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Data, Data, Everywhere


Previously Kim Singletary wrote

“Having an automated, continuous monitoring and risk assessment framework seems to be the way to go in 2010″

I agree with Kim and I want to add one more straw to her pile of reasons – our data management problem.

Suppose your security system chooses 10,000 controls (vulnerability checks, scripts, signatures, etc – pick your preferred terminology) that can be applied to some example asset (a server, executive laptop, or whatever). That number could be smaller or it could be larger depending on the system but let’s say that 10,000 is the count after filtering out those controls that don’t apply (e.g., there’s no Apache server on that Windows 7 laptop).

Now, suppose that each control returns 100 characters of evidence data. That means you have 1,000,000 characters of data for one full assessment of one system. You are going to store those data in Unicode format because our company is international and hence so are our evidence data. That turns our 1,000,000 characters into 2,000,000 bytes of data.

“No big deal!”, you say, “I have thumb drives that are 32 gigabytes in size.” Hang on, I’m not done yet.

Remember, your company has many systems and you are executing this assessment automatically every day. The bytes add up fast. For example, if you have 500 systems then you are collecting and storing 1 gigabyte (1 billion bytes) of data per day for your one comprehensive assessment. That represents 5,000,000 (five million) unique data points.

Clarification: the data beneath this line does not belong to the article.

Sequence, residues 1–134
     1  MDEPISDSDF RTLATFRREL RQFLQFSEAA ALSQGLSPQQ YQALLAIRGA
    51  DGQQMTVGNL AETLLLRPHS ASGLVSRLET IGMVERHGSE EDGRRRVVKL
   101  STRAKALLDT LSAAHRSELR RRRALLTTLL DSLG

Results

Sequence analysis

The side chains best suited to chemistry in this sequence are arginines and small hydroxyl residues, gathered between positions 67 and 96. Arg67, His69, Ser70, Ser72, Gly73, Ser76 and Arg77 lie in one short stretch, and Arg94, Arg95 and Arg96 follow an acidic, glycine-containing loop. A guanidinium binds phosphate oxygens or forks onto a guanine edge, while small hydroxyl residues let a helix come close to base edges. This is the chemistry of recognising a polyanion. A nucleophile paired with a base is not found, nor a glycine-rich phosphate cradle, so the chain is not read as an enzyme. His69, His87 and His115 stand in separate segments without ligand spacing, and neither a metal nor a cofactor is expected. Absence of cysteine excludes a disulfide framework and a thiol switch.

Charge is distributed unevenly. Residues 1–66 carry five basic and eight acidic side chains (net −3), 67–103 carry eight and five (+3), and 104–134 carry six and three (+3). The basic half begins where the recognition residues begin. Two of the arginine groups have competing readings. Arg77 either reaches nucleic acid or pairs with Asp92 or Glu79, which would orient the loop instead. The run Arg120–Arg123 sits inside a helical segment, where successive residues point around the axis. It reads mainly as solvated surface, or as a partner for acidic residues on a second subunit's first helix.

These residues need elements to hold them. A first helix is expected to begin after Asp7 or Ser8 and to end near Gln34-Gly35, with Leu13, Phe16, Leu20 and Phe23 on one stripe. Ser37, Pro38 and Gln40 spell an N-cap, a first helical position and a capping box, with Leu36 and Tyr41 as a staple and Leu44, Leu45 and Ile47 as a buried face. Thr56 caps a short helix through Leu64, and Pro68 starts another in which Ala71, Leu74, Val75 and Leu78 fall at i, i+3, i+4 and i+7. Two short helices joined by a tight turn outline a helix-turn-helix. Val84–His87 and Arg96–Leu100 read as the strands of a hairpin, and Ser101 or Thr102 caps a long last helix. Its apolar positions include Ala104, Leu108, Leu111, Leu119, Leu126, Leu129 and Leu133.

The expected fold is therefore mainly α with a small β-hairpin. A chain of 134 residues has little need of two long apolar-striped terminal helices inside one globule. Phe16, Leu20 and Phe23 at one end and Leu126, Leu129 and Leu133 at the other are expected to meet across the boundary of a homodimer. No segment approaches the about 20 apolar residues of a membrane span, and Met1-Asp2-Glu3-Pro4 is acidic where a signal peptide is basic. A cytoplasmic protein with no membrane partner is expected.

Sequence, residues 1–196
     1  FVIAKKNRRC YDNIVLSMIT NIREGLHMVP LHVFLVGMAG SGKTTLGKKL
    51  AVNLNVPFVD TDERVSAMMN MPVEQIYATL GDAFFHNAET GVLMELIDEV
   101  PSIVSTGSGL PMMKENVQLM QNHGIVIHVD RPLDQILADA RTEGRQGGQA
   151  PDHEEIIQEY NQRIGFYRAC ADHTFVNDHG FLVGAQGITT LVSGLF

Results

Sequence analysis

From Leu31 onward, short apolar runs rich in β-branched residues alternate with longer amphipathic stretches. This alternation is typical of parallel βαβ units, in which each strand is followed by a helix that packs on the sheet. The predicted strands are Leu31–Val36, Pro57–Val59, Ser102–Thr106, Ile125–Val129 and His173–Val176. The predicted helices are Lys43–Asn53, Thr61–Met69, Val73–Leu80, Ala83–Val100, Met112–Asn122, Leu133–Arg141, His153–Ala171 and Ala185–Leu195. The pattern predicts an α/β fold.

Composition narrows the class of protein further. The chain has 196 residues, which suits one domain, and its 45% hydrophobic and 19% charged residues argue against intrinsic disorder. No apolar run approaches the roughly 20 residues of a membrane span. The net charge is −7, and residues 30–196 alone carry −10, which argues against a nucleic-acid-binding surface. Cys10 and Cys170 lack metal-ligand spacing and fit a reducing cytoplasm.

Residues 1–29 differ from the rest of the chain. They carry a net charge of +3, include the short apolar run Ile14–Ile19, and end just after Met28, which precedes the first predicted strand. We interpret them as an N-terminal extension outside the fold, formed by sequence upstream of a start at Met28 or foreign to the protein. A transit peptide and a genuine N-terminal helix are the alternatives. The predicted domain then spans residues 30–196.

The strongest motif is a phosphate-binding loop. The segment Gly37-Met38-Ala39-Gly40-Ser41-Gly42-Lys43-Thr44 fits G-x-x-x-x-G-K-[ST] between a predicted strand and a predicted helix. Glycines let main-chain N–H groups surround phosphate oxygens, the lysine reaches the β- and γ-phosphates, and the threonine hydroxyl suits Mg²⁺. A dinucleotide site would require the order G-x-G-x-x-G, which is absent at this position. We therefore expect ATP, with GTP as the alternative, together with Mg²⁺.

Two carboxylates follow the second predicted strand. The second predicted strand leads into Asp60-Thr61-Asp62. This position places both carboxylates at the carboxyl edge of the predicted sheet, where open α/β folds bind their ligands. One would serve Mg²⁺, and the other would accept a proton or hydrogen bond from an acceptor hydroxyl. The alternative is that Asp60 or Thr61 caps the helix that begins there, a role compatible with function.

You can see by inspecting the table below that the problem gets worse, way worse, the more systems you have. One consequence is that your database is rebuilding it’s indices (crucial for queries and reporting) on a continuous basis. You will need bigger iron and more sophisticated data management.


Asset Count Gb/Day Gb/Qtr Datum Count/Day
500 1 91 5,000,000
1000 2 183 10,000,000
5000 10 913 50,000,000
10,000 20 1825 100,000,000
50,000 100 9125 500,000,000
100,000 200 18250 1,000,000,000


Yes, there are ways to reduce the data but you either have to throw some out or implement complex algorithms to code the data in less space. The former has already been rejected by the business community and the latter makes products cost more to create and support.

Suppose you do manage to cleverly reduce the amount of space needed for your assessment data. I’m sad to say that your ability and need to collect more data grows much more quickly than you can compensate for with clever algorithms.

I haven’t yet mentioned, for example, SCAP. FDCC compliance assessments can easily generate another 2-4 Mb of data per day, per asset, of compressed data. Compressed data aren’t useful – if you want  to search those data then you have to decompress and parse the results into something that takes more space.

Data loss prevention systems will want to store copies of suspicious data transfers – can you say 700 Mb per cd or 5 Gb per DVD?  Multi-hundred megabyte installers?

I’ll stop there.

This problem is not insoluble.  White listing and continuous monitoring technologies reduce collected data by only reporting important events.  Decision support technologies are available to deal with large data sets, helping decision makers to see the forest and manage risk.

The internet ecosystem is a hairy place. Choosing not to connect to the internet is not a viable business option, so automated assessment, continuous monitoring, and risk management decision support is our future.

Whoops – gotta go! I’ve found a sale on hard drives.



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